Voyage Journal 7007 Day 12
Day 12 - May 9, 2010 - Honfleur, France
By Stefan Kredel, Geologist
Co-ordinates: 49°26’N, 0°14’E
Weather: partly cloudy
Air Temperature: 11°C
Our last full day onboard the Prince Albert II. Last night we went back into France, and had to set our clocks forward by one hour. The excursion for today started at 08:30, so just before 07:00 I got up and had a nice breakfast with Major Gordon Corrigan. It was his day, as he was the onboard war historian, and today was all about the D-Day. The first thing I learned at breakfast was that the “D” is not standing for decision. (I heard frequently before that the “D” comes from Decision Day.) But Gordon, with quite some military background, convinced me that the “D” is only a military sort of slang for day.
So we left Honfleur, driving to the beaches of Normandy. Our first stop was to the most important museums about the history of the operation, which happened here on the 6th of June 1944.
To get into details about what happened at the landing beaches 66 years ago, is impossible. Whole books are written about that, filling whole libraries. Like our Gordon, he wrote The Second World War: A New History, to be published later this year. Anyhow, for those who have no idea what happened that day, here is a very short version: On the 6th of June 1944, the allies, mainly troops from the US, the UK and Canada in total about 150,000 soldiers, landed here at 5 different places. And that was the beginning of the liberation of Europe. And even though about 3,000 soldiers died that day, the number is considered to be pretty low, some war historians believe a count even ten times greater would be more exact.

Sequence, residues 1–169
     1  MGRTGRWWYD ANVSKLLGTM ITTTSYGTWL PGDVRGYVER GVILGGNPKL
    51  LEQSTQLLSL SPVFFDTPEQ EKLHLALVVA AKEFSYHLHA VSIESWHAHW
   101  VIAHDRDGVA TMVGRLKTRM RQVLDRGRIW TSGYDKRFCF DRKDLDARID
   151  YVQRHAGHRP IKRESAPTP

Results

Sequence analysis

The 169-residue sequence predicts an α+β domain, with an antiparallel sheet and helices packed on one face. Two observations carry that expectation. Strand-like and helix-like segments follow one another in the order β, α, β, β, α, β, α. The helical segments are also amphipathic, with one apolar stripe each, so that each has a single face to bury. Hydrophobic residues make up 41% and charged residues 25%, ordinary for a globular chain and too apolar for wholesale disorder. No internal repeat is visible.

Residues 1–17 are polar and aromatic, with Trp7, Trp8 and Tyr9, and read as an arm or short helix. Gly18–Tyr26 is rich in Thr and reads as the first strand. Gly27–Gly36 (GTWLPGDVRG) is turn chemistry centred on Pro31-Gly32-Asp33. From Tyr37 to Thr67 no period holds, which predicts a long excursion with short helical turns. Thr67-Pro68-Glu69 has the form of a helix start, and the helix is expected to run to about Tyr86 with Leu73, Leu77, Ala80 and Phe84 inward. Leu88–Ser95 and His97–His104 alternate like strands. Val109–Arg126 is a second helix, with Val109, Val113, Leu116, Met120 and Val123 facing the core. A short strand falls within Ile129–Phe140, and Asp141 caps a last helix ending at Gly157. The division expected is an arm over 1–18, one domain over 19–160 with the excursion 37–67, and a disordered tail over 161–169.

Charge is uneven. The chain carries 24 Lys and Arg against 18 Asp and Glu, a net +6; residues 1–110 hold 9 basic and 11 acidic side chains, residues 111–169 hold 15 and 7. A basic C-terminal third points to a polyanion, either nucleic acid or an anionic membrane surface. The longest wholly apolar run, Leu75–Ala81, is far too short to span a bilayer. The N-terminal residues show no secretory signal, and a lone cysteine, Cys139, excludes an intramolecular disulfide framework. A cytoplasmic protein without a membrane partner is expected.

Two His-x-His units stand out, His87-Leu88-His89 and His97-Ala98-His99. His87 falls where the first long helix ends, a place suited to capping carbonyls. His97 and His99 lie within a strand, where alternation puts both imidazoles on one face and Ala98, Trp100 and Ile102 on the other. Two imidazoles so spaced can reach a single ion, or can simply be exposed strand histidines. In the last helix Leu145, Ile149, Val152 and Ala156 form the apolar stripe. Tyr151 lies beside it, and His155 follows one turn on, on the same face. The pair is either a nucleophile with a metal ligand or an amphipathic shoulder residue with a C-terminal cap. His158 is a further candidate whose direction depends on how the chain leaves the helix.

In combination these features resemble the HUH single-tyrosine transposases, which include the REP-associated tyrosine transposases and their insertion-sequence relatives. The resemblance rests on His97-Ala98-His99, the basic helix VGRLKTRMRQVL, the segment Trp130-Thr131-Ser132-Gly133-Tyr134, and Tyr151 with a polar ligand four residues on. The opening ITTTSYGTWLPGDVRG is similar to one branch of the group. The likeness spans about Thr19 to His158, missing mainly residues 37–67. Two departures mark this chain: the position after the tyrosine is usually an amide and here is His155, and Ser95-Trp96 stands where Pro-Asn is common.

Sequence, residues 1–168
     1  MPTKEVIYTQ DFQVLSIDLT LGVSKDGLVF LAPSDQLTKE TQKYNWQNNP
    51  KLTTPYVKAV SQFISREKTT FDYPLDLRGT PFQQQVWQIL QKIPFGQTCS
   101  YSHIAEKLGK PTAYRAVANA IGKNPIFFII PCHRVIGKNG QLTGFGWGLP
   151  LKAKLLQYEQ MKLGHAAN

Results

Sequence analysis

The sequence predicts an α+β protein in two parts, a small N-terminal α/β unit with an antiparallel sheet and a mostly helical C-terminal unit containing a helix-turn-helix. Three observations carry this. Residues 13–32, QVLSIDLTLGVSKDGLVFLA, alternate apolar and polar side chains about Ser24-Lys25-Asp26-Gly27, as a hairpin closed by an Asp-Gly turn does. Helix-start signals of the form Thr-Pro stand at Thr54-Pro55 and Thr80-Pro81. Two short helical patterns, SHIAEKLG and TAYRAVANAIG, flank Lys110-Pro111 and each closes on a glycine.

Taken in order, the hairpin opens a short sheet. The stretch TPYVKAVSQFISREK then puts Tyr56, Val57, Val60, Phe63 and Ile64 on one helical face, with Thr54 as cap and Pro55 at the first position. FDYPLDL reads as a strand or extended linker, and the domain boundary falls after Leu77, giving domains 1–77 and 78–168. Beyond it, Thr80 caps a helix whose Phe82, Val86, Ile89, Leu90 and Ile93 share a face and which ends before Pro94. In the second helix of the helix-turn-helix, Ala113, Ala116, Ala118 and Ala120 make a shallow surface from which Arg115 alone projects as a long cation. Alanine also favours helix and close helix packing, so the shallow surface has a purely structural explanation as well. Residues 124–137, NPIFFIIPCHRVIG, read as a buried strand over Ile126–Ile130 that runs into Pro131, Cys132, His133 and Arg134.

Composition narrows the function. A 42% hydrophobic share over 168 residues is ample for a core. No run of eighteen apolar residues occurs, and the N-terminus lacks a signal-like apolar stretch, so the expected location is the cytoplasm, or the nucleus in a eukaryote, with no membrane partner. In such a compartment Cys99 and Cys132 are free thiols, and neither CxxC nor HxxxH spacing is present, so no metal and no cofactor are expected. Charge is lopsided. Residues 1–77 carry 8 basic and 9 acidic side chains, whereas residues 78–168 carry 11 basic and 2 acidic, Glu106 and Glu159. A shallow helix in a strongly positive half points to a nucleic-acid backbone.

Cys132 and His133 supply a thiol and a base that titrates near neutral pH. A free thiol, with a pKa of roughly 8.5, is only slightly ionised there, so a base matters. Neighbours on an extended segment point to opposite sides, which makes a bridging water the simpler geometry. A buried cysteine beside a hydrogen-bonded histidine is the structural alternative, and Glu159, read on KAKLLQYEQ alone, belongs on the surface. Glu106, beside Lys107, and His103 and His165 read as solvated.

After a nice lunch we went to one of the many war cemeteries here in the region. The American Cemetery at Omaha beach was chosen. More than 9,000 white marble crosses and Stars of David stand there in perfect alignment on a plateau above the beach.
Before getting back to the ship, we had a short stop at Omaha beach itself, the place where most of the American troops landed. Gordon gave us some more information about the whole landing operation and the installing of something like a harbor.
Back on board, not a lot of time was left. At 18:30, Richard showed his masterpiece – his digital photos show of our trip. And the evening was finished with one last nice dinner together.
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